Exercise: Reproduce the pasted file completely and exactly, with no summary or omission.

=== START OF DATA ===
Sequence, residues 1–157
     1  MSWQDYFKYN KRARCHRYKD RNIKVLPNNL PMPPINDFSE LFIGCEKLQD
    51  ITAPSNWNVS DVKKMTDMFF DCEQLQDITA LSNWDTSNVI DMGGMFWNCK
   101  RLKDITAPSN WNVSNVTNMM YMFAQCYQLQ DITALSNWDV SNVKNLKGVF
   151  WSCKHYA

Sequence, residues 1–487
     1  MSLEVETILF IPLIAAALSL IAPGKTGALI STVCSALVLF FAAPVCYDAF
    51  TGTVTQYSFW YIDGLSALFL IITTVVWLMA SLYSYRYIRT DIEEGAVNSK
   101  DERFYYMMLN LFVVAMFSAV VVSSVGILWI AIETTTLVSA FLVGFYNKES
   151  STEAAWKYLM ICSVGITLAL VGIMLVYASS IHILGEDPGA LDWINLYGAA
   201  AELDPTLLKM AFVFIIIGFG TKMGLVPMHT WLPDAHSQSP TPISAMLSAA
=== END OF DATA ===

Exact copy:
Sequence, residues 1–157
     1  MSWQDYFKYN KRARCHRYKD RNIKVLPNNL PMPPINDFSE LFIGCEKLQD
    51  ITAPSNWNVS DVKKMTDMFF DCEQLQDITA LSNWDTSNVI DMGGMFWNCK
   101  RLKDITAPSN WNVSNVTNMM YMFAQCYQLQ DITALSNWDV SNVKNLKGVF
   151  WSCKHYA

Sequence, residues 1–487
     1  MSLEVETILF IPLIAAALSL IAPGKTGALI STVCSALVLF FAAPVCYDAF
    51  TGTVTQYSFW YIDGLSALFL IITTVVWLMA SLYSYRYIRT DIEEGAVNSK
   101  DERFYYMMLN LFVVAMFSAV VVSSVGILWI AIETTTLVSA FLVGFYNKES
   151  STEAAWKYLM ICSVGITLAL VGIMLVYASS IHILGEDPGA LDWINLYGAA
   201  AELDPTLLKM AFVFIIIGFG TKMGLVPMHT WLPDAHSQSP TPISAMLSAA